Dichloroacetate stimulates changes in the mitochondrial network morphology via partial mitophagy in human SH-SY5Y neuroblastoma cells
- David Pajuelo-Reguera
- Lukáš Alán
- Tomáš Olejár
- Petr Ježek
Published online on: Monday, April 6, 2015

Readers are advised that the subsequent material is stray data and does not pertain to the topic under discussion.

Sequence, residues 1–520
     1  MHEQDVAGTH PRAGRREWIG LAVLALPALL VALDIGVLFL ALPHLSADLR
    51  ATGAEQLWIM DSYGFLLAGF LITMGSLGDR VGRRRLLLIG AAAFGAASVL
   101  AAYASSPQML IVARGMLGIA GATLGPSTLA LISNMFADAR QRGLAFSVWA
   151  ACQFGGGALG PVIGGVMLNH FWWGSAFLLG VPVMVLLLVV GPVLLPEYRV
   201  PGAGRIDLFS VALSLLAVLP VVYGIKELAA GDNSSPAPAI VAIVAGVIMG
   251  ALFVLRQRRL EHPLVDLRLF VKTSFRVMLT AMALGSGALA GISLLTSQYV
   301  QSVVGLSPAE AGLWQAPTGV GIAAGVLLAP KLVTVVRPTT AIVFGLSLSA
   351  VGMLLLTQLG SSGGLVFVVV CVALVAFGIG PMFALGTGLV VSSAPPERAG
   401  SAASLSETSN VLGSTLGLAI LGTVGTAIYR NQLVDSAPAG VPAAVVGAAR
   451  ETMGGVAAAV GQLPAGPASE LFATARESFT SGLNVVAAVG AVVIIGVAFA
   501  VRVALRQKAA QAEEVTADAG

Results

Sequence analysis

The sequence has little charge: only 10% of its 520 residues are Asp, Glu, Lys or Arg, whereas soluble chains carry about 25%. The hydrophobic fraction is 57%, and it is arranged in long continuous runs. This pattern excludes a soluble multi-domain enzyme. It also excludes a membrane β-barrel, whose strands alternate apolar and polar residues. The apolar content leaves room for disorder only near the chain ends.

Dichloroacetate (DCA) is beneficial in cancer therapy because it induces apoptosis and decreases cancer growth in vitro and in vivo without affecting non-cancer cells. DCA stimulates the activity of the enzyme pyruvate dehydrogenase by inhibiting pyruvate dehydrogenase kinase. Consequently, DCA promotes oxidative phosphorylation after glycolysis. Therefore, DCA produces changes in energy metabolism that could affect the mitochondrial network and mitophagy. This investigation determined the effects of DCA treatment on mitophagy in human neuroblastoma SH-SY5Y cells. SH-SY5Y cells were cultured and distributed into 3 groups: control, NH4Cl and chloroquine. Each group was treated with DCA at 0, 5, 30 and 60 mM for 16 h. Samples were analyzed for cell viability, mtDNA copy number, mitochondrial network morphology and expression of key proteins involved in mitochondrial dynamics, such as LC3b, FIS1, OPA1, PARKIN and PINK1. In all groups, DCA caused a decrease in cell viability, an induction of autophagy in a dose-dependent manner and a decrease in Tim23, FIS1 and PARKIN protein expression, leading to profound morphological changes in the mitochondrial network resulting in shorter and more fragmented filaments. However, TFAM protein levels remained unchanged. Similarly, the mitochondrial copy number was not significantly different among the treatment groups. In conclusion, DCA induces mitophagy and remodeling of the mitochondrial network. In this remodeling, DCA induces a decrease in the expression of key proteins involved in protein degradation and mitochondrial dynamics but does not significantly affect the mtDNA density. Blocking late phase autophagy increases the effects of DCA, suggesting that autophagy protects the cell, at least partially, against DCA.